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CDC offers preliminary report on Del. suicides

Thursday - 8/9/2012, 5:33pm  ET

Associated Press

DOVER, Del. - A preliminary study of a series of suicides involving Delaware teenagers earlier this year found that many of those who killed themselves had multiple risk factors, a federal health official said Thursday.

Dr. Alex Crosby, with the Division of Violence Prevention for the U.S. Centers for Disease Control and Prevention, said researchers investigated 11 suicides from January through early May. Those deaths involved people ages 13 to 21 in Kent and Sussex counties.

Researchers also reported an estimated 116 nonfatal suicide attempts in the 12- to-21 age group during the study period.

The study found no "direct contagion" suggesting that the suicide of one person led directly to an increase in suicidal behavior among others. But Crosby, a medical epidemiologist, said many of those who killed themselves had several identifiable risk factors.

Mental health problems such as depression or anxiety were the most commonly detected risk factor, followed by conflict with a parent or parents, legal problems, and substance abuse and problems with a girlfriend or boyfriend.

Researchers found that all of those who killed themselves had at least two risk factors, and that more than half had experienced five or more.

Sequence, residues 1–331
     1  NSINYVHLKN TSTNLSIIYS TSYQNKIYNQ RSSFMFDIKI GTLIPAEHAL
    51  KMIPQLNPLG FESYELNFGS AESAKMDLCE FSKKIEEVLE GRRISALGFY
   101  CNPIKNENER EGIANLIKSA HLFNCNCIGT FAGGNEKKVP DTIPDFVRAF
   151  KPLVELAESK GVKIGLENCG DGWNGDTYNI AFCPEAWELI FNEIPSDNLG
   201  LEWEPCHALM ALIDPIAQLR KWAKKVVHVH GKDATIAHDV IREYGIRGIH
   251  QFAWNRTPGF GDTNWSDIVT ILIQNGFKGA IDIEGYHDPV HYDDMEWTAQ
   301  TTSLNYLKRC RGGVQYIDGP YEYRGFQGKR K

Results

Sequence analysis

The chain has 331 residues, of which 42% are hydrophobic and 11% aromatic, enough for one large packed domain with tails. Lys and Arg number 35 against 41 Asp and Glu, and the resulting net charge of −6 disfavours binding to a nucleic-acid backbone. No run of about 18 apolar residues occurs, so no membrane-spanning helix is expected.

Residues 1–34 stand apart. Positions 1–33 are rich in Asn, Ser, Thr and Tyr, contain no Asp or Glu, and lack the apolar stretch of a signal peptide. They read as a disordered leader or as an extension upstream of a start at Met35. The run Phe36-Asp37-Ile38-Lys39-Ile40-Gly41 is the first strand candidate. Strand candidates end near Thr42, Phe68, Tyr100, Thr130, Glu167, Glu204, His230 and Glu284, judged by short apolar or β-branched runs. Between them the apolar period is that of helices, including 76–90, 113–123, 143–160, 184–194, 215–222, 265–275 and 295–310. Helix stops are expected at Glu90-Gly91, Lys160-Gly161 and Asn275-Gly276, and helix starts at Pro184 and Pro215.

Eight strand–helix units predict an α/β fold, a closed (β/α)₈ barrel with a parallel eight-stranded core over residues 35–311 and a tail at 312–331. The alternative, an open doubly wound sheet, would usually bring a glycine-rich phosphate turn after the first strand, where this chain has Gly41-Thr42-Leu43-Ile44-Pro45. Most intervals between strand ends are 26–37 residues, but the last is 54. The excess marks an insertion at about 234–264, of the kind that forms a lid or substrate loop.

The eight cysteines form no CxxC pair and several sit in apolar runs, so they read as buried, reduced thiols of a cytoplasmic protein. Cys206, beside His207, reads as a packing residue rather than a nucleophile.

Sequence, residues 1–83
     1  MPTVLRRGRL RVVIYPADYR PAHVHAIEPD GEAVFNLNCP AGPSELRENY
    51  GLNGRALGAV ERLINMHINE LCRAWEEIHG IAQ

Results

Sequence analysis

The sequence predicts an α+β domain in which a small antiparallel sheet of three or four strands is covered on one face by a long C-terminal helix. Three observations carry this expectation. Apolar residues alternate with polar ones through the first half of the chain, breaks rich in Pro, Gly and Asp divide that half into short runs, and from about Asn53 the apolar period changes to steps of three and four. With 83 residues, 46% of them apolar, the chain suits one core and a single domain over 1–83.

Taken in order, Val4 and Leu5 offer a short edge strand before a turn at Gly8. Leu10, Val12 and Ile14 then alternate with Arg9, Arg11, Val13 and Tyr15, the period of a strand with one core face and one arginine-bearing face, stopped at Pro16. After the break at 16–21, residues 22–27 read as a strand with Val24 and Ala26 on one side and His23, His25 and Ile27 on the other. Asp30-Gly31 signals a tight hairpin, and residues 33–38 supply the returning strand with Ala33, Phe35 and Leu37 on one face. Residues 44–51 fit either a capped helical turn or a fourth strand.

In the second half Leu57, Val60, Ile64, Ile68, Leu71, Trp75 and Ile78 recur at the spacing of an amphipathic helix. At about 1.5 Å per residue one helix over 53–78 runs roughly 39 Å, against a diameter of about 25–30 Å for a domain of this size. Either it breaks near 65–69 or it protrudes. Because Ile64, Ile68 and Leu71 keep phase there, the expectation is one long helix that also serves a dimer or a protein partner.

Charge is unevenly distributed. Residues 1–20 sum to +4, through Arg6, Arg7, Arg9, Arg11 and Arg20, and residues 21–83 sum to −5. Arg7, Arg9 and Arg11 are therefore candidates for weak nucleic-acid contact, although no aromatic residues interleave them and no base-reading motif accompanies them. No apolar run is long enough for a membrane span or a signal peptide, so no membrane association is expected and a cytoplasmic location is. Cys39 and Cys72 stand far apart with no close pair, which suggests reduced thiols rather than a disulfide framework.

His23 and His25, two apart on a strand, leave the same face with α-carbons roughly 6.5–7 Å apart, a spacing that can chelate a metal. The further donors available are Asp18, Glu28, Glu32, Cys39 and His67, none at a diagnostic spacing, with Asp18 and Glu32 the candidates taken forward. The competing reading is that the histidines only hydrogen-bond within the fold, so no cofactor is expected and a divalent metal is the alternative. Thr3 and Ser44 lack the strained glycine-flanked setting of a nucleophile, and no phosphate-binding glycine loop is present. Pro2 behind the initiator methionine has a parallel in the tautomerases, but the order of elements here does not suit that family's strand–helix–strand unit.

"Suicide is really a complex phenomenon," Crosby said. "Hardly anyone has only one risk factor."

While problems with peers is among the risk factors listed, researchers found that youth in Kent County reported less bullying victimization than the national average in a 2011 behavioral survey, and that Sussex County responses were about the same as the U.S. average.

Researchers found that all of the 11 deaths involved hanging or self-inflicted gunshots. The majority of nonfatal suicide attempts involved overdoses, many with prescription or over-the-counter drugs, and cutting.

Seven of the 11 fatal cases involved males, and eight were in the 16-to-18 age group.

State officials contacted the Atlanta-based CDC in March following the suicides of six young people, including three who attended the same high school.

CDC researchers used data from the medical examiner's office, law enforcement agencies, hospital emergency departments and inpatient psychiatric hospitals in their investigation of the deaths and nonfatal suicidal behaviors. They also interviewed adults who regularly interact with young people, including those affected by the suicides, but did not speak directly with students or other young people.

Crosby said the researchers were extremely careful not to retraumatize any youth, adding they sought out someone who worked with youth to help in the work.

Another study limitation noted by researchers was the inability to thoroughly investigate social media activity, including communication between individual students, that could be related to the suicides.

Recommendations by CDC researchers to prevent future suicide deaths include periodic mental health awareness training for adults who work with youth to identify those who are at risk.

State health and social services secretary Rita Landgraf said she thought the CDC had done a good job in gathering the data and that she looked forward to follow-up work by researchers that will help state officials in suicide intervention and awareness.

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